By John Ikani
Sierra Leone has enforced a nationwide curfew in a swift response to an attempted breach at the Wilberforce military barracks in Freetown.
President Julius Maada Bio confirmed the security lapse, revealing that unidentified individuals had attacked the military armoury.
“Fortunately, they were repelled, restoring calm, though not without a notable impact,” said Bio.
The incident, which included a jailbreak led to the release of detainees from Central Padema Road prison in Freetown.
The president, urging citizens to stay indoors, asserted, “We shall continue to protect the peace and security of Sierra Leone against the forces that wish to truncate our much-cherished stability.”
Situated strategically near President Bio’s residence, the Wilberforce barracks plays a vital role in storing weapons.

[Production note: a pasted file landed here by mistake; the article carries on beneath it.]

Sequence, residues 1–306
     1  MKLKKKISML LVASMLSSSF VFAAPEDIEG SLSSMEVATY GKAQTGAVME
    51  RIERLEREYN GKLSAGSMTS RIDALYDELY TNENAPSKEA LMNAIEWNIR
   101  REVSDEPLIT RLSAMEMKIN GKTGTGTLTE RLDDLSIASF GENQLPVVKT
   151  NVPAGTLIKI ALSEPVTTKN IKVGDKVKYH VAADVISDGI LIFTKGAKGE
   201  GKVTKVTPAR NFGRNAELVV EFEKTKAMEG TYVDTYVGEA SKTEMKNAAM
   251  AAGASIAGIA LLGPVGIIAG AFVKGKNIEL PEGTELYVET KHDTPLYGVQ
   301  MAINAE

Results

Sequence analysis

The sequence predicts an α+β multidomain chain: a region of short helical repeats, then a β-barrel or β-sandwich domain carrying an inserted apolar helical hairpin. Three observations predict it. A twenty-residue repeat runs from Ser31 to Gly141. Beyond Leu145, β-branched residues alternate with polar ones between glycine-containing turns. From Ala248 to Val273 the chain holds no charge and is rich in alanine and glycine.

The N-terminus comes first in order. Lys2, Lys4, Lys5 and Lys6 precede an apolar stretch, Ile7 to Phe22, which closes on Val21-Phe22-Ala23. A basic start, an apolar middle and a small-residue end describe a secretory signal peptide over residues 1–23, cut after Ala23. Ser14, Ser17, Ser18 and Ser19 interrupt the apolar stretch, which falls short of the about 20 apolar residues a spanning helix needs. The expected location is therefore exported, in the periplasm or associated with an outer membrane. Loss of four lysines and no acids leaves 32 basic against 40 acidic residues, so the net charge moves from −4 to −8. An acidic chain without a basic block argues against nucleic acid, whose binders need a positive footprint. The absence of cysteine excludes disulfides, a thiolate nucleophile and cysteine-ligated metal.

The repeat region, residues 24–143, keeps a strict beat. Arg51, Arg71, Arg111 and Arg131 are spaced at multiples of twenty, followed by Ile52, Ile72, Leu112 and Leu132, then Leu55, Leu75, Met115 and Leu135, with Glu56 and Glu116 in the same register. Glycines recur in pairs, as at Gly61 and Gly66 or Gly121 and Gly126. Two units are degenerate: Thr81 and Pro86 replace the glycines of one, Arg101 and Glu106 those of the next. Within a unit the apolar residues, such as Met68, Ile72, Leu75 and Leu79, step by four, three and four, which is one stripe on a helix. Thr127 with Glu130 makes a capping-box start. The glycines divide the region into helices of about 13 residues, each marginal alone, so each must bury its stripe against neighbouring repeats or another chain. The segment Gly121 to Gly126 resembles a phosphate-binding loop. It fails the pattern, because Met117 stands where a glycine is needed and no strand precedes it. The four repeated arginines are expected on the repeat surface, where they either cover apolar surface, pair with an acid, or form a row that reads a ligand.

Reports from local journalists indicated heavy gunfire in Freetown, with soldiers securing key areas using rocket-propelled grenades and rifles.
The reverberations of this event extend beyond Sierra Leone, resonating in a region that has faced its share of military coups in recent years.
Guinea, Sierra Leone’s neighbour, remains under junta rule despite international efforts for civilian governance restoration.
President Bio, a former military officer, faced rejection of his reelection results challenged by his main opponent and questioned by some observers citing transparency concerns.
Amidst these challenges, the U.S. Embassy strongly condemned the attempted break-in, emphasizing the lack of justification for such actions. Residents were urged to cooperate with government security forces.
Despite Bio’s leadership bringing one million more children into Sierra Leone’s schools, the nation grapples with record inflation, unemployment, and severe food insecurity in West Africa.
Accusations of violent repression during protests, particularly in the summer of 2022, where over two dozen lost their lives, further underscore the challenges faced by the Bio administration.